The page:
How is shoulder instability treated?
Once all the diagnostic information is obtained, Dr. Brown will discuss the operative and non-operative treatments and help you choose which method is best for your needs and future goals.
The shoulder can be placed in a sling that immobilizes the arm. Ice, rest, and anti-inflammatory medications can be utilized at first to help with pain control during the initial healing of the shoulder. The shoulder can be taken out of a sling and physical therapy will be initiated to help regain range of motion. Patients should avoid stressful motions of the shoulder while it continues to heal. Athletes with shoulder dislocations may be able to return to sports within a few weeks but will likely need to wear a special brace to prevent the shoulder from assuming “at risk” positions that could cause the shoulder to dislocate again.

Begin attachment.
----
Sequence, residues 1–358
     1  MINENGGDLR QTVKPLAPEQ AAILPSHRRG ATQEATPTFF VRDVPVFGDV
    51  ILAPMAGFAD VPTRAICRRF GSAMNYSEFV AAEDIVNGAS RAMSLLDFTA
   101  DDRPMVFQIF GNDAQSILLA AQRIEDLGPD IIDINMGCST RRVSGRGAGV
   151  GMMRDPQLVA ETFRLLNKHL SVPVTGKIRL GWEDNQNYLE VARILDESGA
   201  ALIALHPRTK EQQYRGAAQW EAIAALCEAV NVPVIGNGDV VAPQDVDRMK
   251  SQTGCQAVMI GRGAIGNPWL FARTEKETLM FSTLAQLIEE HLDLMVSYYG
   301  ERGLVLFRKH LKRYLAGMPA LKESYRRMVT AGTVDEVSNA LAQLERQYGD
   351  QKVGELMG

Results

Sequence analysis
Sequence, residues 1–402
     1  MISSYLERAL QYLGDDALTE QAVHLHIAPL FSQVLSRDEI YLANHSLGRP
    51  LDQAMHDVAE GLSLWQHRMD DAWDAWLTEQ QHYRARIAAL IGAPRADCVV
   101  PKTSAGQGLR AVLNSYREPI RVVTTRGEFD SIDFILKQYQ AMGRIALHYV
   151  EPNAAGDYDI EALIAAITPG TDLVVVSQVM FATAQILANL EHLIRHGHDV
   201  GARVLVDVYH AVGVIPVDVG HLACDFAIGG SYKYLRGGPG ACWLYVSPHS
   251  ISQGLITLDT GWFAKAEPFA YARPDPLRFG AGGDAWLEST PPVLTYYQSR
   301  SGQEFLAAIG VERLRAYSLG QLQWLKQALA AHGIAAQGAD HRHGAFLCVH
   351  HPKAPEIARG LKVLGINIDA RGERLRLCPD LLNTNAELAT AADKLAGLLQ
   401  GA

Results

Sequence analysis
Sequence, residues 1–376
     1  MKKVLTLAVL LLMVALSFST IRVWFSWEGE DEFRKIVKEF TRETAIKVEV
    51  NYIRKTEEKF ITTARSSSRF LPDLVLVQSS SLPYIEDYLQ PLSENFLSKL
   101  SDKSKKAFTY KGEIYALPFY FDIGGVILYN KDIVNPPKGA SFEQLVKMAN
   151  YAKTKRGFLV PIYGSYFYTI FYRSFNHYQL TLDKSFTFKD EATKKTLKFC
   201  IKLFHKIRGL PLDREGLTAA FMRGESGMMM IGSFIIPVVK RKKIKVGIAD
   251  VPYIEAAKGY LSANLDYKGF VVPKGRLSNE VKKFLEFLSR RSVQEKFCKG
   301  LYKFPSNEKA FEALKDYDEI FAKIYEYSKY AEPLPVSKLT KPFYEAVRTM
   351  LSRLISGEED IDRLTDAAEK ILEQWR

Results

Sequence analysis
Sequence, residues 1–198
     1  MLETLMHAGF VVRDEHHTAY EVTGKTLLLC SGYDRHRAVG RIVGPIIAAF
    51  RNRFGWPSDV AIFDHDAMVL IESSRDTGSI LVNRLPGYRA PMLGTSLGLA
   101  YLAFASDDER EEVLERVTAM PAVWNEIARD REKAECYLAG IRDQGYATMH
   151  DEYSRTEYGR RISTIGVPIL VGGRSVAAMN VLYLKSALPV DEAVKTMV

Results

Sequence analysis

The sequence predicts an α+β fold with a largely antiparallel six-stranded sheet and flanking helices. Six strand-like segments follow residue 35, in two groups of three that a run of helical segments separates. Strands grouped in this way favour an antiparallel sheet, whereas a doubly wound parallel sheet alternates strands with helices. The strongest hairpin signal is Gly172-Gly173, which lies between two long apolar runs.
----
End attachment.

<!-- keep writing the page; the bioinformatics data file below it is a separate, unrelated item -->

If the best option as decided between Dr. Brown and the patient is surgical treatment, Dr. Brown will perform stabilizing surgery arthroscopically. Shoulder arthroscopy is a minimally invasive surgical technique that uses a small camera called an arthroscope which allows Dr. Brown to see inside the shoulder. He then uses small, specialized instruments to operate within the joint. Through small incisions, the shoulder joint can be inspected and the damaged structures such as the labrum, biceps tendon, rotator cuff tendons, and bones can be repaired. For more complex injuries, a larger incision may be chosen as the best means to accomplish the goal of stabilizing the shoulder. Dr. Brown is a highly skilled shoulder surgeon and has experience in successfully helping his patients who have recurrent shoulder dislocations.